Turn 4 on the first lap, and...
Turn 4 on the first lap, and Bradley is already in tenth position from the fourth row of the grid.
In our last issue, we detailed the building of our Harley-Davidson XR1200 project bike and developing it to enter a round of the AMA Vance & Hines XR1200 series (“The XR Project”, Aug. ‘11, or visit www.sportrider.com/magazine/1109
). With the build complete and a handful of test days completed to sort out the details, our intrepid crew headed to Infineon Raceway for the West Coast Moto Jam. A dropped valve at the last test outing and some last-minute changes left us busy right up until the departure day, but we felt we had everything sorted and were primed for a good result. But how quickly things can change…
The original schedule for the weekend included XR practice on Saturday morning, qualifying Saturday afternoon, a warm-up session on Sunday morning and the race on Sunday afternoon. We arrived at the track on Friday morning ready for a leisurely day attending to the bike and pit setup, but a dodgy weather prediction for Sunday had prompted the AMA to push everything forward a day. We would be practicing that afternoon, qualifying Saturday morning and racing Saturday afternoon. That would mean just two on-track sessions before the race rather than the scheduled three. In a way the compressed schedule suited us; the XR1200s had not raced at Infineon previously, and Bradley was one of just a couple of Harley riders that had practiced at the track beforehand. Still, we had some setup issues to sort through and needed the track time to get the bike dialed in.
Dave Behrend of Fast Bike Industries, who provided the suspension for the XR along with plenty of support for the project, was at the track and after some discussions about setup we decided to change the front fork oil before practice. When we went to disassemble the front end, however, we found the front axle stuck in the fork tubes. Evidently if the axle is over-tightened it swells and sticks — a common problem according the Vance & Hines people at the track. As we found out on reassembly, this had caused the front suspension to bind significantly and the fork worked much more smoothly with that issue resolved. On the one hand, it was a relief to find what had been giving us some grief with the setup, but on the other hand it had enough of an effect that we would be starting from square one all over again with regards to the front end.
They’re smiling now… While...
They’re smiling now… While Bradley (center) rode the XR, at Infineon we had part-time SR test rider Eric Nugent (right) and Bradley’s father Curtis (left) helping out. Eric built the bike and spun wrenches at the track for us, while Curtis provided valuable setup assistance. The Geek, in charge of the whole project and keeping these three from coming to blows, should have been in the picture but rolled out early to make happy hour at the hotel.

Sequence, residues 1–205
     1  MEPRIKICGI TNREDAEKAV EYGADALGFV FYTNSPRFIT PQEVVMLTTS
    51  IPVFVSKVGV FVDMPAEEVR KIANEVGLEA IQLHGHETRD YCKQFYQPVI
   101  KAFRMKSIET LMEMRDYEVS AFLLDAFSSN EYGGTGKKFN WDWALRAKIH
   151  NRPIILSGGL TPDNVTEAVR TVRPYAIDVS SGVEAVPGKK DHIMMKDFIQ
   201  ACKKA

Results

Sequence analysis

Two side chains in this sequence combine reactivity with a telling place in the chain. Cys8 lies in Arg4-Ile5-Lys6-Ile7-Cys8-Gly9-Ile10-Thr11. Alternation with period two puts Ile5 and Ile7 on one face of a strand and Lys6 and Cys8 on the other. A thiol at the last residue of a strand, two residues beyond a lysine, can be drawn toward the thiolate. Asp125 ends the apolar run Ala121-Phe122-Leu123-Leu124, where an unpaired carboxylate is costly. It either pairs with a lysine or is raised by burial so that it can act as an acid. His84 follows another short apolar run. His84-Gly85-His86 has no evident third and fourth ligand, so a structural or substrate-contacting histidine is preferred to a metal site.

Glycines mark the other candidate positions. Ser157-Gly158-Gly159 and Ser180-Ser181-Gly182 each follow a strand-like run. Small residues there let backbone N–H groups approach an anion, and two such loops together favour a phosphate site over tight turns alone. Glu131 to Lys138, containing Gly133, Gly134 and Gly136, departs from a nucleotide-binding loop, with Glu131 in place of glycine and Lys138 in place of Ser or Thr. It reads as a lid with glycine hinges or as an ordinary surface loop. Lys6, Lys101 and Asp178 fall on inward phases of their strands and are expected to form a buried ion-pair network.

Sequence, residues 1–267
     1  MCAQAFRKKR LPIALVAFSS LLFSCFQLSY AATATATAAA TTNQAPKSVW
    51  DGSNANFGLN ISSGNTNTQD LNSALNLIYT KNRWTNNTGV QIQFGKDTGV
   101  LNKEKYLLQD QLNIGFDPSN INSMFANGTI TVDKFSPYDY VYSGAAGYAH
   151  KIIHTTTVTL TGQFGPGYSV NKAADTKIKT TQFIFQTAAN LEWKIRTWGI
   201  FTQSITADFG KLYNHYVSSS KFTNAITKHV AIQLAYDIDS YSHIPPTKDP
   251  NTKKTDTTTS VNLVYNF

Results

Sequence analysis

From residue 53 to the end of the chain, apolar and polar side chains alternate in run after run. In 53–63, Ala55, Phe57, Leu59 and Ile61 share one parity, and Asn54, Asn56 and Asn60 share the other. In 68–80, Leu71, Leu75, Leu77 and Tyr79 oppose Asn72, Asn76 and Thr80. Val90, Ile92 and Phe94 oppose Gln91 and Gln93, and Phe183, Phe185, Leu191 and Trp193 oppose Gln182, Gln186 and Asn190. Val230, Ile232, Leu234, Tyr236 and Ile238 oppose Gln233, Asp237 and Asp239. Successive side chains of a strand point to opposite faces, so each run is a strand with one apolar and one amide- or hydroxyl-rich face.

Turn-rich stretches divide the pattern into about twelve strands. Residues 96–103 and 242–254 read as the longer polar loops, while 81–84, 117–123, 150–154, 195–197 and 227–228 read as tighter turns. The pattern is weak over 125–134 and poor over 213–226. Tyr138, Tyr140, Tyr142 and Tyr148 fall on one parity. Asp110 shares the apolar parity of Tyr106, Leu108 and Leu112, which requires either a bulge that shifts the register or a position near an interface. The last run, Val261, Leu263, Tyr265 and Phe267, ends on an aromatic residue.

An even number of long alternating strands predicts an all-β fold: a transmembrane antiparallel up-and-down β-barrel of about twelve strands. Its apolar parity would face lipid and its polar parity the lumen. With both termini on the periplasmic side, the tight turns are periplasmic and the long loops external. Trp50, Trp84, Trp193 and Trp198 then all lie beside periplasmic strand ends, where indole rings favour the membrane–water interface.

After a couple of pit stops early in the first practice session to make changes to the fork and shocks, Bradley looked to be settling into things, lapping more than a second faster than he had at the practice day almost immediately. Bradley’s father Curtis was on hand to help, as he had been at the earlier test days, and the two worked well together to sort out the suspension quickly. But then the bike stopped on-track, ending our practice early. Bradley’s original thought was that another dropped valve was the culprit, as the sound and timing of the failure was almost identical to what had happened at the practice day. Back at the pit, to our great relief, we found a broken spark plug and blown ECU fuse; with those replaced, the bike ran fine up and down the pit lane — an easy fix, or so we thought. Things were still looking promising, as even with just two timed laps Bradley was the 9th fastest rider (of 15), albeit four seconds off the quickest rider, Chris Fillmore.
We prepared for Saturday qualifying by mounting a fresh set of tires to the XR and discussing a game plan for setup changes during the session. But no sooner had Bradley rolled out of pit lane at the start of qualifying when the ECU fuse blew again. Bradley pushed the bike back to the hot pit, and with wishful thinking we changed the fuse for a second time only for the bike to make it to turn 2 before stopping yet again. This time the bike was irretrievable and we had to wait until the end of the session to look for and fix the problem. Our qualifying session had ended practically before it even started; not only did we miss out on valuable practice, we were in danger of not making the grid for the race as we didn’t complete a single lap for a qualifying time. In the meantime, the rest of the field went faster than on Friday, with Fillmore qualifying on the pole at 1:47.775 — almost six seconds quicker than Bradley had gone at that point. As a reference for how quickly these Harleys are capable of being hustled around the track, Fillmore’s qualifying time was within the 109 percent necessary to qualify for the Daytona SportBike race — with about 130 pounds more weight and 50 horsepower less than a typical 600.